NFT Boston Nightlife

Boston / Nightlife

It's not quite the city that never sleeps, but Boston's nightlife is vast and varied, catering not only to teeming masses of college students but eager yuppies and disaffected hipsters alike. Since this is a city founded by people that were so uptight the British annoyed them (Pot paging kettle...), we are still stuck with the blue-law mentality that anything that might be fun has to be completely controlled at all times. Thus, all of our bars shutter for the evening at 1 or 2 a.m. This would be fine for most people if the MBTA, you know, the way the majority of people get around in a city with little parking, didn't manage to close BY TWELVE F*@KING THIRTY. After-hours joints do exist, but are for members-only, so when those lights come up and you are doing your best Last Call Shuffle to get a number -- keep in mind cabs are as easy to get after closing time as Red Sox-Yankee ticks are on opening day. Despite these best efforts, though, the variety of bars, dance clubs, and live music venues keep growing, so you'll be able to find just the right spot to be seen, be picked up, dance, throw some Red Sox-Yankee darts, or sit and share a pint with a friend while you catch a live band. Remember that clubs are always in flux, so it makes sense to call ahead and confirm what's up before rounding up your crew and hitting the town.

A wave of craft beer fanaticism has swept Boston, and while you can still get a Sam or a Harpoon just about anywhere, many bars now stock more unusual stuff. Meadhall (Map 26) is the holy grail for beer lovers, with over 100 beers on tap -- none of them Coors, Miller, or Bud products. Nearby, Lord Hobo (Map 28) caters to the budding hipster beer snob. Allston's rowdy student hangout Sunset Grill & Tap (Map 19) serves yards of beers, while more refined Allstonians head to Deep Ellum (Map 19). Two solid options in the Back Bay are Bukowski Tavern (Map 5) and the Pour House (Map 5) -- the selection isn't the best at the latter but no one's complaining about the dirt cheap 22 oz. drafts. Brendan Behan Pub (Map 14) pours the smoothest Guinness in the city, but if you insist drinking your pint among Irish accents, head to the Blackthorn Pub (Map 10) in Southie. Gastropubs Canary Square (Map 14), the Squealing Pig (Map 15), and the Publick House (Map 17) all have extensive beer lists. Fenway's Tasty Burger (Map 15, 20) pays homage to the art of the canned beer. If you're curious to investigate the brewing process, take a tour at either the Sam Adams (Map 14) or Harpoon (Map 11) breweries. Hop on the trolley after the Sam tour to be shuttled to Doyle's (Map 14), the first bar in America to serve Sam Adams. Want to get really adventurous? Buy a spin on the beer wheel at Redbones (Map 22), and cross your fingers that you'll like your pick.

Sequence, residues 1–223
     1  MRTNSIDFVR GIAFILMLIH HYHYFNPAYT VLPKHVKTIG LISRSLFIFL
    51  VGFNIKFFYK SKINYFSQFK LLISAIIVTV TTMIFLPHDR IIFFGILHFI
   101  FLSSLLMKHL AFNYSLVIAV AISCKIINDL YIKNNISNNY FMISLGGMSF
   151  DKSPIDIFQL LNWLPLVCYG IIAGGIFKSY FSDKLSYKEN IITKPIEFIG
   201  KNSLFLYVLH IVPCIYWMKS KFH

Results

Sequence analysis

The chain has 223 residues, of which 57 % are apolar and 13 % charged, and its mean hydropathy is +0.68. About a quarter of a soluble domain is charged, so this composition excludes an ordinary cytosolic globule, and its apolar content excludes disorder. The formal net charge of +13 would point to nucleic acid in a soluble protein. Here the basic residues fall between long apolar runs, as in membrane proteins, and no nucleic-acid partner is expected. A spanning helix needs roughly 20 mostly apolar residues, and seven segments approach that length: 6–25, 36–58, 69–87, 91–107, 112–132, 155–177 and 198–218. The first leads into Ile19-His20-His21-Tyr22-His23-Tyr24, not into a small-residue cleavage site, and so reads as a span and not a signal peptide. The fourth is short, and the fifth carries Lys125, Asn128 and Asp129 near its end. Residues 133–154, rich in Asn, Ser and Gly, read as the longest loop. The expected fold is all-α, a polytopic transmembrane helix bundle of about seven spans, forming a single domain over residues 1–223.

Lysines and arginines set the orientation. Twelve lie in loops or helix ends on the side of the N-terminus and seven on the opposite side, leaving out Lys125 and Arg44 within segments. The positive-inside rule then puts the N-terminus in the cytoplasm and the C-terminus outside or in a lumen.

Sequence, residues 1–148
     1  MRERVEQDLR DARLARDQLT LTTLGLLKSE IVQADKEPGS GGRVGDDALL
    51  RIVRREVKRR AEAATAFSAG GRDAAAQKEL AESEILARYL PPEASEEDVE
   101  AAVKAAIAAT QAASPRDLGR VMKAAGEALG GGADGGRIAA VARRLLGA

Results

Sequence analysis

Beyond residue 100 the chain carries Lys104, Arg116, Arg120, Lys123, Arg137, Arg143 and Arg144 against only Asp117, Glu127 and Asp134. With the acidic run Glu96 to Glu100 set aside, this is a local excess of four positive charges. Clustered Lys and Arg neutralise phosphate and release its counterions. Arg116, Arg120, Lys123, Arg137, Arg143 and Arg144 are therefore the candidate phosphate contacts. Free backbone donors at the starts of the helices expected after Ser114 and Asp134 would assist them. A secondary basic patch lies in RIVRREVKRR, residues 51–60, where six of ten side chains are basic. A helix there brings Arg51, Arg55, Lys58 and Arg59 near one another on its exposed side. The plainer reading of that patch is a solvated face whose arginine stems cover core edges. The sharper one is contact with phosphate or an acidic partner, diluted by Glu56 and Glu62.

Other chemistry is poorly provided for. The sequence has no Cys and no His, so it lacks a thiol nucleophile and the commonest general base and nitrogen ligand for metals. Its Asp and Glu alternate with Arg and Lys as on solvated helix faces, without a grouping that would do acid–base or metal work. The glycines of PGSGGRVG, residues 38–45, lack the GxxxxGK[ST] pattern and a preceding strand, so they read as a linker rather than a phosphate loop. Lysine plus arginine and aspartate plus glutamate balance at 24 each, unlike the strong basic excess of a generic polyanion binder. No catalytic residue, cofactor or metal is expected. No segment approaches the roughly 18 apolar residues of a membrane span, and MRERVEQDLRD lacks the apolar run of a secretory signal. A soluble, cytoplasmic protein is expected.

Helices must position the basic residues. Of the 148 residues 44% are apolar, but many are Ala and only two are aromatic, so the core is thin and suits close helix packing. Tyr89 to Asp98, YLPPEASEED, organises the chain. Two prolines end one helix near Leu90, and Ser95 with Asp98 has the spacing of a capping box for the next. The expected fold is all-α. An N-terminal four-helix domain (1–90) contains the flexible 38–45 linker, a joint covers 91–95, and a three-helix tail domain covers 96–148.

Almost every bar in Boston becomes a sports bar when the Red Sox, Celtics, Bruins, or Patriots are playing -- just try to find a bar where the game isn't on. The best Sox bars are Jerry Remy's (Map 15), Cask 'n' Flagon (Map 16), Game On! (Map 16), Bleacher Bar (Map 16), and The Baseball Tavern (Map 15). Head to The Four's (Map 1) or the Greatest Bar (Map 1) for hockey and basketball. Football fans should check out Stadium (Map 10), McGreevey's (Map 5), Tavern in the Square (Map 19), or Stats (Map 10). Coolidge Corner Clubhouse (Map 19) is Brookline's resident sports bar, and Orleans (Map 22) is Somerville's. Brighton's Cityside (Map 18) is a relaxed, anything goes spot with a killer patio, while Champions (Map 6) is a sports bar for the preppy set.

Elegant and Nice
If you feel like getting gussied up and playing socialite for a night, Clink (Map 1), Bond (Map 4), Towne (Map 5), and City Bar (Map 6) are some of the trendiest spots in the city. Sonsie (Map 5) has the sophistication of a Parisian café, while Eastern Standard (Map 16) pours expertly mixed drinks in a lavishly elegant room. Sip a calm glass of wine at Parker's Bar (Map 3) or Upstairs on the Square (Map 20), or if a craft cocktail is more your speed, stop by Local 149 (Map 11). Relive the roaring twenties at Cuchi Cuchi (Map 27). Franklin Southie (Map 12) proves that Southie isn't all rough edges. While a bit pricey, Top of the Hub (Map 5) offers a birds-eye view of the city skyline from the top floor of the Prudential Center. Saloon (Map 22) is a modern day speakeasy with an exhaustive whiskey list.